NYC is the Best Place to Raise Kids
It's Cheaper, Safer and More Fun than the Rest of the Country -and no, you aren't reading this subhead wrong
Sitcoms and media images of New York City can give an impression of a city of single 20-somethings bustling along until they flee to the suburbs when they have kids.
But the reality is that parents with over 1.8 million kids under age 18 live in the five boroughs - and for good reason. New York is a fun and dynamic place to live - and contra a lot of media stereotypes, it’s cheaper to live here for families than most places in the country and it’s far safer for the kids. That’s why we’ve raised two children in NYC and can barely imagine doing it anywhere else.
It’s Cheaper to Live in NYC
You’ve got to be kidding me, I can almost hear people saying, but budget line by budget line, NYC ends up being cheaper to live in for most families .
Housing and Transportation Costs
Yes, if you want to live in the West Village, NYC is going to bankrupt you. However, for most families living in the boroughs or upper Manhattan (where I live), the cost of housing, while more expensive than in many places, is not unimaginably so.
And the big difference is that in NYC you don’t have to own a car, which massively reduces living expenses, particularly for lower-income families where keeping cars in service for two parents can be financially crushing. Dumping my car two decades ago was a massive relief and it’s amazing how a metro card for two parents - public schools cover our kids’ - makes transit barely a line item in our family budget.
Cheaper housing usually goes along with being farther away from jobs and other services, so it often increases transportation costs for families. Researchers have been studying the combined costs of housing and transportation for decades, in forms like the Center for Neighborhood Technology’s (CNT) Housing and Transportation (H+T) Affordability Index. In Houston, for example, households spend only 25% of household income on housing but nearly as much, 20%, on transportation, for a combined total of 45% of income on average. For NYC, households spend more on housing, 30%, but only 9% on average for transportation, for a total of 39% of income.
CNT argues that combined costs of more that 45% of families’ income should be considered unaffordable: Houston is just on the edge of that measure, while New York City is part of only 26% of communities in the nation considered affordable when you combine the costs of housing and transportation.
For parents, the costs of child care often rival housing and transportation costs, particularly when you have two or more younger kids. Families spend on average at least $10,000 per child per year across the country on child care and often twice that for higher-quality care.
New York costs more than that average for private child care, but unlike most other areas, New York is rapidly replacing private child care with publicly-funded preschool, first guaranteeing universal access for four-year-olds in 2014 - my son was in the first cohort - and expanding universal access to all three-year-olds in 2023. This compares to the rest of the country where pre-K programs serve just one-third of four-year-olds and just 17 percent of three-year-olds. And notably, NYC’s preschool program provides full-day programs for 3K, PreK, and kindergarten- a critical feature for working parents. This compares to almost half of children across the country being in half-day kindergarten and far fewer being in full-day, government-funded PreK. So NYC saves families up to three years in additional child care costs, which with two kids works out to child care savings of between $60K to $120K per family compared to many other locations.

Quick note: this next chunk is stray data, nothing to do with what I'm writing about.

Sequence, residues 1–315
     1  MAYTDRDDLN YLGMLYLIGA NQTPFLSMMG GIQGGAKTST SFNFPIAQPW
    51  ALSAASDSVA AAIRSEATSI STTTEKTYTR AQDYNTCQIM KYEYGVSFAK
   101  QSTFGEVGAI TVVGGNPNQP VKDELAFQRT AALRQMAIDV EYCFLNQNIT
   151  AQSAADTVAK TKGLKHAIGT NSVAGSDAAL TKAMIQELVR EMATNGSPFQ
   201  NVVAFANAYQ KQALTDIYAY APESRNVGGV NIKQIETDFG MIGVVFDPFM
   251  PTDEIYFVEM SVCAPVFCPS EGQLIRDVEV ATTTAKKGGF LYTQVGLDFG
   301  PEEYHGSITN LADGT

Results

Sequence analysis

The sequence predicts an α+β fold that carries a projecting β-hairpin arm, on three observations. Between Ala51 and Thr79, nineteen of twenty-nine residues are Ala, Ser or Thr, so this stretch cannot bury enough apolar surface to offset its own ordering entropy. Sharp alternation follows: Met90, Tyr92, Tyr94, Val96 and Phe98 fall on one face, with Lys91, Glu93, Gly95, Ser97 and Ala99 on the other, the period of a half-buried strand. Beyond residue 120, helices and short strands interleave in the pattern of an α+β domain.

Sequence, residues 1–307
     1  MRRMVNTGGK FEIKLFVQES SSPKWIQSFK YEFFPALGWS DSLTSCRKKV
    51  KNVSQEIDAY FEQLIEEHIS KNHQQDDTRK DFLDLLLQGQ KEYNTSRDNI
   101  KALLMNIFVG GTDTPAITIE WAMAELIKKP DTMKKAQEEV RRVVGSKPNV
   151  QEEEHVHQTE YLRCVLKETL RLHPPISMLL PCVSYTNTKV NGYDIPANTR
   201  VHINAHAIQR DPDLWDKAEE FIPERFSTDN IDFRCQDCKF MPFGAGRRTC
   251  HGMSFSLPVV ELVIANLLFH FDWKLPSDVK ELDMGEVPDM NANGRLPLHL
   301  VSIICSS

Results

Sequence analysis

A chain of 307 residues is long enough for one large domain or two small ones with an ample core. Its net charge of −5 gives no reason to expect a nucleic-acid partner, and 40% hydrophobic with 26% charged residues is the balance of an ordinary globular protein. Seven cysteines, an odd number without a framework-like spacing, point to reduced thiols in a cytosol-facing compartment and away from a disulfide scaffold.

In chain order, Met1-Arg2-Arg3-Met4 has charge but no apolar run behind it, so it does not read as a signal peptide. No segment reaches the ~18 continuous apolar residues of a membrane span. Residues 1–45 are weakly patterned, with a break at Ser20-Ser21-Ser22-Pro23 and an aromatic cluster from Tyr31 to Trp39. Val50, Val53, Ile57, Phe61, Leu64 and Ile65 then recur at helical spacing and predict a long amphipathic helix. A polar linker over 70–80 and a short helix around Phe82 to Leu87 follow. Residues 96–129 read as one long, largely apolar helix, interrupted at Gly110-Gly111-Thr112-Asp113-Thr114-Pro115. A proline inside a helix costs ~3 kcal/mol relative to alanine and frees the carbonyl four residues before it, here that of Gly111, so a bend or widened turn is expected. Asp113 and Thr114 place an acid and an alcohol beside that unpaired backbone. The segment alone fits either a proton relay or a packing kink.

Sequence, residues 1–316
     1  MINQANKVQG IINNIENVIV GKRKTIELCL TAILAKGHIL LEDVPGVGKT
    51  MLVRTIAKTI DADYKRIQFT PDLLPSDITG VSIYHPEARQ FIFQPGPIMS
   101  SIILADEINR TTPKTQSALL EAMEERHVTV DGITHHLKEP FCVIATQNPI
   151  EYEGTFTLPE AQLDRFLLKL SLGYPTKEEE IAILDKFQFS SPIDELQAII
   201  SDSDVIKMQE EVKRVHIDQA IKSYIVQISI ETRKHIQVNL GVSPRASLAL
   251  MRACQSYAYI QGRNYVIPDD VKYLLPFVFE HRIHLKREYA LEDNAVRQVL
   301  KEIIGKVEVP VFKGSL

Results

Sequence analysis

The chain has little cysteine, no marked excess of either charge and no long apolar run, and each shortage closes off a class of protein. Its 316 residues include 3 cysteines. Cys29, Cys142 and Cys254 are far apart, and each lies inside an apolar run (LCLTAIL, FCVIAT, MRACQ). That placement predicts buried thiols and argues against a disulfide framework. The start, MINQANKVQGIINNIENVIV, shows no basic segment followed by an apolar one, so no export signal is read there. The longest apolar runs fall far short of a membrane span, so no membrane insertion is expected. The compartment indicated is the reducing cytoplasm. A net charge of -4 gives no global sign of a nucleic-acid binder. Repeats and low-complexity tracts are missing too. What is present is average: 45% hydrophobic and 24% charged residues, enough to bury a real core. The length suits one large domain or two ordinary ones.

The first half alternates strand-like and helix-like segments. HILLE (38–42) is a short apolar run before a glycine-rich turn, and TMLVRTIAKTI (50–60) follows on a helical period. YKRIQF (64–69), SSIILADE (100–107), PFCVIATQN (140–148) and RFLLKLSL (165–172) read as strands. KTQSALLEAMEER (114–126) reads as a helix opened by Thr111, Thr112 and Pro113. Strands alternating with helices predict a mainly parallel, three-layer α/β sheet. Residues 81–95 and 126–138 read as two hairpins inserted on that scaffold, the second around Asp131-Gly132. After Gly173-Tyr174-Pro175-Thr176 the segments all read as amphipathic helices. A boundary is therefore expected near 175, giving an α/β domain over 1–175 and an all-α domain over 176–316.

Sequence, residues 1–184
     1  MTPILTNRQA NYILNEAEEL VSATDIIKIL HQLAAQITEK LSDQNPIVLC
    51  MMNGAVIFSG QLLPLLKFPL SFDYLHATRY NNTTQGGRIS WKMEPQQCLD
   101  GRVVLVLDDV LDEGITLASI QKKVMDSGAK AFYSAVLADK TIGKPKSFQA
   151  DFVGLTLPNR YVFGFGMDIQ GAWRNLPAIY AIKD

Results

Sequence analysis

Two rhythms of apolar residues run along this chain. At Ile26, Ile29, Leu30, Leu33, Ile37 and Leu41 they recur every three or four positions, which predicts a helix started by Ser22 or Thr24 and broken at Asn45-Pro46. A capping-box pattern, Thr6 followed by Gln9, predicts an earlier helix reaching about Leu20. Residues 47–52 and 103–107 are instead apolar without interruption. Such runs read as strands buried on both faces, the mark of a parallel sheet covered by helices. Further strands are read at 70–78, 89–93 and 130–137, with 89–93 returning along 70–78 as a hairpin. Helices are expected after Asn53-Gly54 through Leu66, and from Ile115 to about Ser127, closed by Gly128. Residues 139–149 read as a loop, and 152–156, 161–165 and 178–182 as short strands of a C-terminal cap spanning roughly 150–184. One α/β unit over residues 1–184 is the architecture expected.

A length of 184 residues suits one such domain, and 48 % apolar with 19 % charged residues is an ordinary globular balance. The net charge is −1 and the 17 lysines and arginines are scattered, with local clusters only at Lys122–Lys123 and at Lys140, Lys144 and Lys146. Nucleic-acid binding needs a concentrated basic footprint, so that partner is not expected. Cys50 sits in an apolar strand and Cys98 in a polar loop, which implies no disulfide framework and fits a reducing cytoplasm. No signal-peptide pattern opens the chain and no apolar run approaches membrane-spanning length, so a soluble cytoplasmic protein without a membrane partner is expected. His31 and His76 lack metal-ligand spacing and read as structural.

New York City also has comprehensive after-school programs in more than 1000 locations around the City, further helping parents who are working full-time. The City continues to expand enrollment in its “Summer Rising” program, saving parents the costs of summer camp for the 110,000 children enrolled in the program.
NYC has some of the most comprehensive health care coverage provided by any state. Only 5.2% of New Yorkers lack health insurance coverage, one of the lowest uninsured rates in the nation. One policy study found the median NY household had $960 in annual out-of-pocket health care expenses, including premiums, copays, and other expenses not paid by insurance. That is the lowest in the country (except for Alaska) and just a bit more than half of the national median out-of-pocket costs of $1768.
NYC in particular has a special program at city clinics and hospitals for those without insurance that limits the costs of doctor’s visits for those making less than 200% of the poverty line to just $20 and emergency room visits to $75 for adults, and prescriptions to no more than $6. (All of these costs are free for those below the poverty line).
It’s hard to quantify how much fun New York City is for kids - and how much of it is free. You don’t need a big yard when great public parks are a few blocks away - and amazing spaces like Central Park, Van Cortland or Brooklyn’s Prospect Park are a few subway stops away. Recreation centers and outdoor pools are in neighborhoods around the city - my own is a short walk and it is the Olympic-size pool profiled in In the Heights